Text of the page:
Throughout history the awareness-raising techniques guiding the life- long inward power struggles have been perfected, advancing from polytheism to more potent and ascetic monotheistic creeds. The founders of the major world religions shaping human motivation at the core have been the most powerful figures in history, dominating individual lives and collective destinies through generations. What could be more central to human survival than tuning weak and fallible individuals to maximum creativity in facing both the adversities of personal life and the responsibilities of social cooperation? A responsible world history has to emphasize at all times the crucial role of religion in the human effort to affirm life by transforming the instinctual bodily promptings into spiritual and intellectual energies. The transrational skills of religion have been the central guarantee of human survival through peaceful human cooperation—set into the ceaseless social and political competition for power within their communities.

Sinful human beings forever compete for power under ever more demanding rules promoting social cooperation, in communities ranging from tribalism to modern nation states. They cooperate under compulsion as in tyrannies and dictatorships, or, at best under democratic rule, compelled by their own civic consciousness. Inevitably the intensity of civic discipline increases the more populous the community; a modern state with tens of million citizens has to exert extensive social controls for the sake of civic cooperation. With all their obvious flaws, functioning modern democracies are built on a massive unconscious civic docility enforced by a minimum of compulsion, even when they are caught in the largest context of power struggles, in the international—and now the global—arena.

In international relations power has traditionally assumed its rawest form in wars for domination—with visions of global domination from the l8th century onward. The perpetual competition within regional or worldwide “systems” has led to the perfection of military skills and state power, affecting the spiritual and intellectual underpinnings of society and its socio-political organization, the key factor in human evolution. Devotion to the community based on religious values has always constituted a superior source of strength for survival, as is most impressively demonstrated in the history of the Jews.

But international relations also have peaceful components, in trade and commerce, in cultural relations; enemies learned from each other even in war. Religions crossed over political boundaries; respect for human dignity softened hostilities. That complex outermost framework of human interaction has always played a crucial part in shaping societies and even individuals down to their core. We now need a heightened alertness to its significance, all along aware of the diverse dimensions of power.

In human relations power takes many forms, ranging from raw force to kindness and love. Life may appear nasty, brutish, and short; but let us not forget the power of the saints,or even of ordinary good people. Different societies present a different mix of the extremes—lucky are those peoples among whom power is exercised peacefully through moral self-restraint; they possess an advantage over rivals ruled by compulsion. Competitive strength grows from peaceful civic cooperation. World history therefore has to pay close attention to that crucial capacity, with special emphasis on the moral values sustaining it.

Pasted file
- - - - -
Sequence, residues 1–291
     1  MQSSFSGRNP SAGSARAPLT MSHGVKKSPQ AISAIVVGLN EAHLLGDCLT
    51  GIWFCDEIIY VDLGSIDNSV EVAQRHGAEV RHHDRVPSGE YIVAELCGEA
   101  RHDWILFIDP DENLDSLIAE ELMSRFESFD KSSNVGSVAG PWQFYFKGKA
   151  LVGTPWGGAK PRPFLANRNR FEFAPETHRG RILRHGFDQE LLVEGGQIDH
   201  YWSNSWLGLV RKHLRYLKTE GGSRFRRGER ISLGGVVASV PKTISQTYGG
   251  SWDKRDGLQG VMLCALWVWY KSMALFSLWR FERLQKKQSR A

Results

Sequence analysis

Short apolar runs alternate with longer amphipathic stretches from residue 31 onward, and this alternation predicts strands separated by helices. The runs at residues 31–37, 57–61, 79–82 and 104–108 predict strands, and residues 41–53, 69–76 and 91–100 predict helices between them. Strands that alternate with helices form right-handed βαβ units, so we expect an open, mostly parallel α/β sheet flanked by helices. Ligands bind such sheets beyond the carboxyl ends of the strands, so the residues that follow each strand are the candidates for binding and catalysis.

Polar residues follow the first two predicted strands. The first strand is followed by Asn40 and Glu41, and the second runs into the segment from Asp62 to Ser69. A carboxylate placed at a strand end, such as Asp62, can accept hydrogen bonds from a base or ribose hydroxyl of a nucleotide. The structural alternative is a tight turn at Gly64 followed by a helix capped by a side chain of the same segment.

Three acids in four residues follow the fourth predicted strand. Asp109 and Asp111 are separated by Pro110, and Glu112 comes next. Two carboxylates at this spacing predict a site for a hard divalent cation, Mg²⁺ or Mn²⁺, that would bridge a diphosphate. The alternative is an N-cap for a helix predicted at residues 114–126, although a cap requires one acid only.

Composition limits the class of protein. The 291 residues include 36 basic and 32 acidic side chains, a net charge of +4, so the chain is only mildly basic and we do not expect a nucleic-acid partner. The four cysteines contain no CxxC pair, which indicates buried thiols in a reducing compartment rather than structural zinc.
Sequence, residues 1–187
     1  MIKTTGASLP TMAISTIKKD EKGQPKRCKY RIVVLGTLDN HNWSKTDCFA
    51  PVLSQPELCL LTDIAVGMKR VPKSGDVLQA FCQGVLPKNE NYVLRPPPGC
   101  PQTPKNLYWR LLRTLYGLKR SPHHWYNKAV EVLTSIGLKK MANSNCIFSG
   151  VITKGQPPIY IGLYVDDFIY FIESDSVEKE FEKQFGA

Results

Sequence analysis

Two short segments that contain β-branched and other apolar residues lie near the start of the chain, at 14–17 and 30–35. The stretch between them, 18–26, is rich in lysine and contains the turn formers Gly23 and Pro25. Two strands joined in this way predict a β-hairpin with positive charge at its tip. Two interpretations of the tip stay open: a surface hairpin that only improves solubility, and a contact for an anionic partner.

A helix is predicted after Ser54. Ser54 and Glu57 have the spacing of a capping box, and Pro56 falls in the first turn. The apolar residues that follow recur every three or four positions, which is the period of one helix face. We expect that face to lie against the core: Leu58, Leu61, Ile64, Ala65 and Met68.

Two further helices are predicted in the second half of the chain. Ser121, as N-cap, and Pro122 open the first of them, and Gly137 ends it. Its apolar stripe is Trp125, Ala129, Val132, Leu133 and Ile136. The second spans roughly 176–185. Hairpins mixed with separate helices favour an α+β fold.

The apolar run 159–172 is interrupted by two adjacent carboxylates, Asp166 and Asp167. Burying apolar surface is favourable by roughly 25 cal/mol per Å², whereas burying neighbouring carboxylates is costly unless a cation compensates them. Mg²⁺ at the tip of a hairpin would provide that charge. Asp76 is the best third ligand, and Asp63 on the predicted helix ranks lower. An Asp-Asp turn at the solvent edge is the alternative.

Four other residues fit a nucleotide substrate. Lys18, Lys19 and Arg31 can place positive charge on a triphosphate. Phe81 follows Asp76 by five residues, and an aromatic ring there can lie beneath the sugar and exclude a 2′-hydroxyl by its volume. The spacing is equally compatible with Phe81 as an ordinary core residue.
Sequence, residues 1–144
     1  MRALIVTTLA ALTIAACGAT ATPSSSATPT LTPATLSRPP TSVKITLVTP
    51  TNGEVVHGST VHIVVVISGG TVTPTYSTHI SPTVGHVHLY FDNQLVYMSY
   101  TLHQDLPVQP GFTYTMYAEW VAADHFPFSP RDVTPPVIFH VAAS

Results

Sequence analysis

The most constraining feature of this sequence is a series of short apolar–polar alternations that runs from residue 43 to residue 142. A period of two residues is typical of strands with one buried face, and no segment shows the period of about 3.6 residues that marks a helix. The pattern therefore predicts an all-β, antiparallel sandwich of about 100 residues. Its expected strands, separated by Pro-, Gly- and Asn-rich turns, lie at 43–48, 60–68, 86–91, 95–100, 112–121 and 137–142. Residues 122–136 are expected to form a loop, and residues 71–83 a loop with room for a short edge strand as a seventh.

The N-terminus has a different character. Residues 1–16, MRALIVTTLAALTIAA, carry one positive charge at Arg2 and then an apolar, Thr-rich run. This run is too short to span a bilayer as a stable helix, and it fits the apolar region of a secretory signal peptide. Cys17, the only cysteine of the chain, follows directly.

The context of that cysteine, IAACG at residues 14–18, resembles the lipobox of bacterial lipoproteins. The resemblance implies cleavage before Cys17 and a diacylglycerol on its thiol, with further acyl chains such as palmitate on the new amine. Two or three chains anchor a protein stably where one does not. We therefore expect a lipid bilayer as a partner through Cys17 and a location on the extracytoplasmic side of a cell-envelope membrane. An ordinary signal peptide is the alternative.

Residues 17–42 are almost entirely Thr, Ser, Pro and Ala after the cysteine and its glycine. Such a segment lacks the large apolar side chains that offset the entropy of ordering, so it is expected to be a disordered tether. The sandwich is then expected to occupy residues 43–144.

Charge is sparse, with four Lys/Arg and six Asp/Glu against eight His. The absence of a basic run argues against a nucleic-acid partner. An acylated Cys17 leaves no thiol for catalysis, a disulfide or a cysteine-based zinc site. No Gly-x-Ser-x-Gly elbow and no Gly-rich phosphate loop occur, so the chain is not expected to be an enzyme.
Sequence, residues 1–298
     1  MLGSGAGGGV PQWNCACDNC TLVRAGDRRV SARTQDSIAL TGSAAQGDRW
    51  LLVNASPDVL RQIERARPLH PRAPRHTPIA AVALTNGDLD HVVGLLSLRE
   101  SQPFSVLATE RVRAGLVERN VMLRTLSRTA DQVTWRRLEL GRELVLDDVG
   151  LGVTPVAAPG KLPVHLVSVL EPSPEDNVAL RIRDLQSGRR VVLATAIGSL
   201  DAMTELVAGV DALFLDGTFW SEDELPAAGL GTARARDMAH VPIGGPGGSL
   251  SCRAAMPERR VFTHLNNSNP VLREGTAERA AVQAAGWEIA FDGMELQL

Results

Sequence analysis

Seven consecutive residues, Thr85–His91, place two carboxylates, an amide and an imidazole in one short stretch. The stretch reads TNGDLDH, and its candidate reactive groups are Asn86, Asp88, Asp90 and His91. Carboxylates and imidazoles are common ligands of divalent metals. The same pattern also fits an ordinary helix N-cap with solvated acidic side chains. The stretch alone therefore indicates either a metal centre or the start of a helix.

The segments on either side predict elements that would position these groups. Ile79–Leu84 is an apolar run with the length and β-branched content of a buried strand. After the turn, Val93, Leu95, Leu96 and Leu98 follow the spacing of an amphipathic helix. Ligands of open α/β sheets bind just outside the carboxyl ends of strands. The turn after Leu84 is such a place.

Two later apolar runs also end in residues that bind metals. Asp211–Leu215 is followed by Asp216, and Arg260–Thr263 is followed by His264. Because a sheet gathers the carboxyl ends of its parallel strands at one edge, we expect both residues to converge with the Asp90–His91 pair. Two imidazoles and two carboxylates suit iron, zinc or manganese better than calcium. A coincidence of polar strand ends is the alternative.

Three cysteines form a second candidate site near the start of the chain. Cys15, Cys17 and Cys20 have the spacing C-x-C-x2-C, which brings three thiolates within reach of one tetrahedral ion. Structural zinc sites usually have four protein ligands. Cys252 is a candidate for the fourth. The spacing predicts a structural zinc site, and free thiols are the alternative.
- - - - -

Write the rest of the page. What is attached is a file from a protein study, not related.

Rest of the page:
Considering the human craving for power in all is forms as the motor of history, we can perhaps draw some hopeful conclusions. Admitting the high human costs of all struggles for power, we nevertheless observe a remarkable refinement of human capacities in the course of history. Human power over nature has phenomenally increased; civic skills in the leading states have been impressively advanced, together with a sense of humaneness. Huge challenges remain, but the historic record of power-driven human perfectibility, taking into account the wide range of human creativity with due emphasis on religion, inspires some confidence. Starting a world history course with reflections on the broad scope of human nature in the concentric layers of social interaction should sensitize us and our fellow citiziens to the complexities of historical developments around the world.


With this new sophistication I turn next to the physical settings of the human power struggles (all too often overlooked by historians and social scientists). Using a globe for illustration, I point out the great variations in the earth's land surfaces and their climates, each shaping the lives and the cultures of the local people; world history has to proceed from a strong dash of geographic determinism. The influence of climates deserves special emphasis. Cool climates stimulate human energies and ambitions; the northerners have been the most active and cerebral agents in global power politics. Hot and humid climates create more sensuous and passive ways of life. Geography also shapes routes of communications and transportation, thereby promoting human interaction; fertile soils and mineral deposits furnish valuable assets; deserts impede human contacts; land-bound peasants are at a disadvantage compared with sailors living along ocean fronts. For millenia the inhabitants of the vast Eurasian plains lived dangerously on open highways traversed by armies as well as merchants, both disseminating vital skills of power.